VMware vSphere is a Type 1 hypervisor that allows one to run multiple instances of entire operating systems and their application stacks on one server. Docker is a container that allows one to put all of the things that an application needs into it, run that container on any version of Linux, and run multiple different containers in one instance of a Linux OS.
So, at first blush VMware vSphere and Docker are competitive. They both allow you to run multiple instances of both similar and different applications on one physical server. This speaks to the server consolidation value proposition of vSphere, which is what fueled the original success of VMware. Google’s comment at Gigaom Structure indicating that it uses containers and not a hypervisor has fueled a number of comparisons of the density that can be achieved with Docker vs. with vSphere. Most of the comparisons focus on the fact that Docker does not require more than one copy of the OS to be run and therefore has an inherent efficiency and resource utilization advantage. There may or may not be an advantage with respect to vSphere, since vSphere has transparent page sharing, which allows for one copy of a code page to be loaded in memory if that same page is reused across multiple guests. Therefore, with vSphere, one does not have to allocate memory for each operating system in each guest, as most of the operating system comprises code pages that can be shared across guests.
Comparing Docker and VMware vSphere
However, as is almost always the case, what seems to be the situation at first blush is not really how it is. There are important differences between Docker and VMware vSphere that need to be recognized and that affect how each should be used:
- Docker is today a Linux-only solution. VMware supports various distributions and versions of Linux and various versions of Windows. More than fifty million VMware virtual machines are in use today, and 90% of them run Windows. Therefore, as long as Docker is a Linux-only solution, it pertains to only a tiny fraction of the VMware customer and installed base.
- At the Velocity conference last week, the presenter from Docker alluded to its support of additional operating systems in the future. Windows is such an obvious choice as the next OS for Docker to support that we should simply assume that Windows support is forthcoming.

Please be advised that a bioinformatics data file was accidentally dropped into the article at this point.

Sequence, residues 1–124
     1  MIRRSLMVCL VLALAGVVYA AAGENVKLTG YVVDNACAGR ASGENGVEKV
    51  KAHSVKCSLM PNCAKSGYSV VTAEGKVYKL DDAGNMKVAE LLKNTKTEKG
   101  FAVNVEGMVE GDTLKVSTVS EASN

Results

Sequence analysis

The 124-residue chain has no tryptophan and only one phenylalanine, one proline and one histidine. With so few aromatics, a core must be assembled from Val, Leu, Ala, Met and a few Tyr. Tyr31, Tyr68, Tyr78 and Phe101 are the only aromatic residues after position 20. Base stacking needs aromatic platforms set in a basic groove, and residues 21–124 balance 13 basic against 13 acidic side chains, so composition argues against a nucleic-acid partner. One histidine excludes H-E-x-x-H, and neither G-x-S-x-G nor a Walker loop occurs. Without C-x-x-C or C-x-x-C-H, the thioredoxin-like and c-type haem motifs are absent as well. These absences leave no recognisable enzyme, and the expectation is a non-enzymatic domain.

- If Windows support materializes, it will give rise to debate about whether Docker is a replacement for vSphere (and other hypervisors) or whether it is a new and superior way to deploy and manage applications within a virtual machine. VMware would clearly prefer the latter. The intentions and desires of Docker are unknown on this front.
- However, even once Docker supports Windows, it is still missing huge chunks of functionality that make VMware vSphere the market-leading data center management suite that it is today.
- The single biggest missing chunk of functionality is vMotion and all that it enables on the vSphere platform. vMotion enables DRS, vSphere’s ability to automatically move workloads in order to balance resource utilization across hosts. vMotion enables HA, which allows vSphere to move workloads before a host dies or, if it in fact dies, to quickly start new ones in a remaining host. vMotion enables Site Recovery Manager, VMware’s offering giving customers the ability to withstand the failure of entire data centers. vMotion is a crucial capability for stateful applications, and stateful Windows applications constitute the majority of what is running in those forty-five million Windows virtual machines.
Thus, in order for Docker to compete with vSphere, Docker has to implement both Windows and “dMotion.” Then, Docker has to build all of the management functions that are needed to manage the operation of stateful workloads in an enterprise data center. Would Docker do such a thing? It seems unlikely, since this would prove to be an exercise in addressing the needs of a legacy installed base of applications instead of addressing the needs of new stateless application deployment in the cloud.
If Docker does not replicate all of the things that vSphere has to manage stateful legacy applications, this means two things for VMware. First, a potentially disruptive competitor is removed from the scene. But far more importantly, much of the management infrastructure that makes VMware so great at managing stateful applications in enterprise data centers is not really needed for new stateless applications in the cloud. In the end, this could turn out to be an even bigger problem for VMware than direct competition by Docker would have been.
Docker and VMware vSphere both allow the running of multiple applications on one physical server. However, the similarities end there. Docker is more likely to focus on meeting the emerging needs of the DevOps community than to go back and build all of the data center management pieces that make VMware the market-leading data center management platform.